Whether you are new to the job market or have been around the block a few times, you need to know the importance of negotiating your salary. Research shows that men are four to eight times more likely to negotiate for a higher salary than women. Since quite a few of my friends have recently received new job offers (and have been afraid to negotiate) I thought this topic was timely.
As you probably know, if you’re not negotiating, you’re missing out on hundreds of thousands in lost wages over the course of your career. Many women are still afraid to negotiate salary because they think it will cost them the job. But companies always leave room for negotiation in their initial offer, even if they say it’s their final. A well thought out negotiation can make you look like a stronger candidate and potentially better employee. And if you don’t believe you’re worth the money, the employer probably won’t either.
So the next time you find yourself accepting a new job, take a deep breath, be brave, and incorporate these five tips into your salary negotiations.
1. Timing Is Everything
When you’re interviewing for a new job, resist the urge to bring up compensation right away. This is the time to focus on selling yourself and securing that offer. Postpone those salary negotiations until you have been offered the job. First make them fall in love with you, then talk about money.
2. Don’t Take The Lead
It’s standard for employers to ask about your “salary expectations” especially now that some states prohibit employers from asking about your current salary. Make every reasonable effort to avoid throwing out a number. If you are asked, you can say that you are open to any reasonable offer based on the position and overall compensation package. You can also sidestep the question by saying that you would like to know more about the responsibilities and challenges of the job prior to discussing salary.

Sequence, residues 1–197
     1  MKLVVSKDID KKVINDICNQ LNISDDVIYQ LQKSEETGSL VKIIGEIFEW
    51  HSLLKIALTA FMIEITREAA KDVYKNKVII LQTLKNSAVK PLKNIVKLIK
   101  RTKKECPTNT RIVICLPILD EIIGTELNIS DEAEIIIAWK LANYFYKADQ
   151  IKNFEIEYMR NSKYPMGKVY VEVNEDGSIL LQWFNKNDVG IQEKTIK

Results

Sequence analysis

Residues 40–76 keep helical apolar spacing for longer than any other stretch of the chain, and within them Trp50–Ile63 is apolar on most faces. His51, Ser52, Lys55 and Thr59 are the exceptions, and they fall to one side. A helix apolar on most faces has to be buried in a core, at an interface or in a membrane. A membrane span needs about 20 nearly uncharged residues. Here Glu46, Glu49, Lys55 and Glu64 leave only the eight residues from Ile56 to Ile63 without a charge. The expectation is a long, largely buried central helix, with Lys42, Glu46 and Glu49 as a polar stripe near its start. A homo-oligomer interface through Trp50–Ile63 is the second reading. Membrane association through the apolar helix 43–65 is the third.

If you state your expected salary, you will be anchoring yourself to that number. Since you are probably making less than what you deserve already, that's not going to get you very far. Let them make the first offer and then go from there.
3. Know Your Worth
It is vital to do some research before you begin the interview process. You should go in knowing the average salary range that the market pays for the same type of job you are applying for. It is also wise to do some research on the company to determine their ability and willingness to pay.
If you’ve played your cards right, you should now have an offer on the table. Counter that offer with a researched response that considers fair market value for your position as well as what you have to offer based on your experience. Sometimes the employer will reject your first request but be persistent and justify your proposed salary by explaining how the company will benefit from having you on board.
4. Always Ask For More
As discussed above, don’t ever settle on the first number proposed. Shoot for the stars, and you’ll land in the clouds.
Once you agree to an amount that you are happy with, take the deal and then deal some more. Now that you have agreed on a salary, negotiate the additional benefits such as healthcare packages, vacation days, office space, a company car, moving expenses, day care and any other perks that will make your life easier and in turn make you a better employee. Don’t be afraid to ask for things that the company hasn’t even thought of yet, this is not a one-size-fits-all.
5. Know Your Worth Again
Sometimes it takes a great offer from another company to realize how much your current company is undervaluing you. But sometimes that's not on purpose. They'd pay you more, but you've never asked! If you don't really want to leave your current job, use your new-found knowledge to negotiate a raise where you are. Often, your current company will match or exceed your outside offer to keep you.
Don’t settle for any less than you deserve. Even though it seems difficult in the moment, it is well worth it in the long-run. Use these five tips, and you will negotiate your next salary like a pro. Good luck!
Do you have the courage to negotiate your next salary?